by John Delach
Early in the morning of April 18, 1942, Captain Marc A. Mitscher ordered the USS Hornet, to turn into the wind and prepare to launch aircraft. Sixteen twin-engine Army Air Force B-25 bombers were lined up on the flight deck, engines roaring prepared to race into the sky and fly to Tokyo 650 miles distant. The first bomber had only 500 feet of deck available to achieve take-off speed. Splashing into the Pacific presented a real and frightening possibility.
The battle plan called for the B-25s to be launched no further than 500 miles from their target but Admiral William F. (Bull) Halsey in charge of the task force, was spooked by a Japanese picket ship that reported his fleet. Halsey’s priority was to protect his two aircraft carriers. He ordered an early launching so his fleet could retire before the enemy mounted a counter attack.
Sixteen airplanes, 80 men, five aboard each airplane. A pilot, co-pilot, navigator, bombardier and an engineer / gunner. Lieutenant Colonel James (Jimmy) Doolittle commanded the mission and flew that first bomber. His co-pilot was Lieutenant Richard E. Cole who lived long enough to be the last surviving Raider. Lieutenant Colonel Cole (retired) died on April 9, 2019. He was 103.
Doolittle and Cole shared the flying but during the flight, Cole perplexed his pilot. Cole recalled that the crew remained quiet as they approached Japan but, “…The tune, Wabash Cannonball, kept running through my mind. I (started) singing and stomping my foot with such gusto that the boss looked at me in a very questioning manner like he thought I was going batty.”
Listen to the jingle, the rumble and the roar
As she glides along the wonderland o’er the hills and by the shore
Hear the mighty rush of the engine hear those lonesome hobos call
Traveling south to Dixie on the Wabash Cannonball
Every plane reached Tokyo, successfully delivered its bomb loads and escaped with minimal damage. Sadly, the added 150 miles made it impossible for any plane to make it to a Chinese controlled landing strip. The crews had a Hobson choice to crash land or parachute into a dark and rainy night. One aircraft made it to the Soviet Union where the crew was interned. Three aviators were killed and eight fell captive to the Japanese. Four of these Raiders survived to return home once the war ended.
Cole’s parachute snagged a pine tree. Twelve feet off the ground, he waited until morning. “Being a young kid…it was easy for me to climb down.” Chinese soldiers on patrol found Cole and reunited him with Doolittle at their nearby camp.
The story of the raid is legendary. Conceived in January of 1942 by Chief of Naval Operations, Admiral Ernest J. King as a morale booster to gladden the hearts of Americans during the darkest days of World War II. Franklin D. Roosevelt approved it with gusto.
As soon as news of the raid was released it became the stuff of legends that was magnified by the book and movie, “Thirty Seconds over Tokyo”, starring Spencer Tracy as Doolittle. FDR helped enhance the mystery. When asked to reveal the secret location where the bombers originated, he replied: “Shangri-La.”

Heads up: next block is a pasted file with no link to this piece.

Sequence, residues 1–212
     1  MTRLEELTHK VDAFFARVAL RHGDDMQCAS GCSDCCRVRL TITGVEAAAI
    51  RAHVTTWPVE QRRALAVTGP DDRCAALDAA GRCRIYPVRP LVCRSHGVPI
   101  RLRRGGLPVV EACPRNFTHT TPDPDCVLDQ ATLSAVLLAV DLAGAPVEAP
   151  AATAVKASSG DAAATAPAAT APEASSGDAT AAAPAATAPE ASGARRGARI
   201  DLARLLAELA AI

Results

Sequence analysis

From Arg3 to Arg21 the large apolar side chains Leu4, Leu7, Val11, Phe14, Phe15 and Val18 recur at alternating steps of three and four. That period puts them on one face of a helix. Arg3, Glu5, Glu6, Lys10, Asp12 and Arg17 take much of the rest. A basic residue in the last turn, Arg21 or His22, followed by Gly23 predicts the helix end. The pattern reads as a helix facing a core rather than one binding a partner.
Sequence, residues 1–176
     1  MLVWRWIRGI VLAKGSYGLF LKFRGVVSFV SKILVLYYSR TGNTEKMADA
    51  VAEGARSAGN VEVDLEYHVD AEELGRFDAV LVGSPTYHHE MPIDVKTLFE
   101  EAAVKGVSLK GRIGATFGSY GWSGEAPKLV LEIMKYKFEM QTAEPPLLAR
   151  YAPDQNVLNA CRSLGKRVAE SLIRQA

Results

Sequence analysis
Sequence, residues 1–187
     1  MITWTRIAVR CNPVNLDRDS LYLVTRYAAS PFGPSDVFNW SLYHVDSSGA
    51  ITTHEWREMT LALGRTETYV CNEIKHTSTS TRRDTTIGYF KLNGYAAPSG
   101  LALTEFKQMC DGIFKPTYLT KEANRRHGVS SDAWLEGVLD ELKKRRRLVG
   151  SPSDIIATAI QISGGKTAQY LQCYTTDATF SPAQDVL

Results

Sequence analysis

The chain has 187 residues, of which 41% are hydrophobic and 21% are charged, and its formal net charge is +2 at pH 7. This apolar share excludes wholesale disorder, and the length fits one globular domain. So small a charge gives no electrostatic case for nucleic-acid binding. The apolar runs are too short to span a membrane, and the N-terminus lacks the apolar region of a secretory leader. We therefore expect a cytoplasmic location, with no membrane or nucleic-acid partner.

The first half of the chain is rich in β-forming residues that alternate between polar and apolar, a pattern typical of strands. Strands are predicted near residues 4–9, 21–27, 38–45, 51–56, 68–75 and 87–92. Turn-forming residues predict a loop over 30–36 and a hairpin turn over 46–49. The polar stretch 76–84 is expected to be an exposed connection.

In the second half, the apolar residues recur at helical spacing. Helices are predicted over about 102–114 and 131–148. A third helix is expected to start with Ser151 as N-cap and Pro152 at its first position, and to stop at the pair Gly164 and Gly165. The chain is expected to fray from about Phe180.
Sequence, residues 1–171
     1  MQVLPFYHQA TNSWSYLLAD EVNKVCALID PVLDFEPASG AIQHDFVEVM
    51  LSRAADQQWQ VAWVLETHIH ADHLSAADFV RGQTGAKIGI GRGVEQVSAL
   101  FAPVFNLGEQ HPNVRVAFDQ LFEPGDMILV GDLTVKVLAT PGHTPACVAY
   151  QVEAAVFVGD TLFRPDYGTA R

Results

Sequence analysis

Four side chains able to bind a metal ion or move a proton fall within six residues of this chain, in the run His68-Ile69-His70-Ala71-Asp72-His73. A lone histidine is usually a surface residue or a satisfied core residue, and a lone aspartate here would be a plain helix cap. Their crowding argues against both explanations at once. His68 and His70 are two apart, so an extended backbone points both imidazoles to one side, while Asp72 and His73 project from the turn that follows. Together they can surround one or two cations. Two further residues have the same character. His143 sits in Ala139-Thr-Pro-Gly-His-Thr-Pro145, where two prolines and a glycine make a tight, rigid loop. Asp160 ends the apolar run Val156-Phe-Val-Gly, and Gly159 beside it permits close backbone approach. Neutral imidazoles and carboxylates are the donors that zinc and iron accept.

Jimmy Doolittle received the Congressional Medal of Honor in recognition of his heroic exploit. An aviator’s aviator and a great leader, Doolittle held several important commands during the war including the Eighth Air Force. He retired in 1959 as a four-star general. He died at age 96 in 1993.
Dick Cole retired from the USAF in 1967 and moved to Comfort, Texas.
The Raiders sported an active alumnus first meeting in 1946 to celebrate their leader’s 50th birthday in Miami. Cole told the National World War II Museum: “It gave us a chance to renew the camaraderie of the group and it gave us a chance to honor the people that gave their lives on the mission and those who had left the group since.”
The reunions became an annual affair. In 1959, the city of Tucson presented the Raiders with 80 silver goblets, each etched twice with each raider’s name, one right side up, the other upside down. At each reunion, the Raiders raised a toast with a sip of 1896 cognac, the vintage-Doolittle’s birth year. They retired the goblets of those who passed since the previous reunion by turning them upside down.
Cole built a velvet-lined display case to move the collection to the site of each reunion. By 2013, only four survivors remained, Dick Cole, Edward J. Saylor, David J. Thatcher and Robert Hite who could not make the ceremony.
Colnel Cole made the final public toast: “To the gentlemen we lost on that mission and to those who passed away since, thank you very much and may you rest in peace.
Oh! I have slipped the surly bonds of earth,
And danced the skies on laughter-silvered wings;
Sunward I’ve climbed, and joined tumbling mirth
I’ve chased the shouting wind along, and flung
My eager craft through footless halls of air…
Up, up the long, delirious, burning blue,
Put out my hand and touched the face of God.
(From High Flight by John Gillespie Magee Jr.)
RIP Dick Cole, Jimmy Doolittle and the other 78 Raiders: collectively our National Heritage.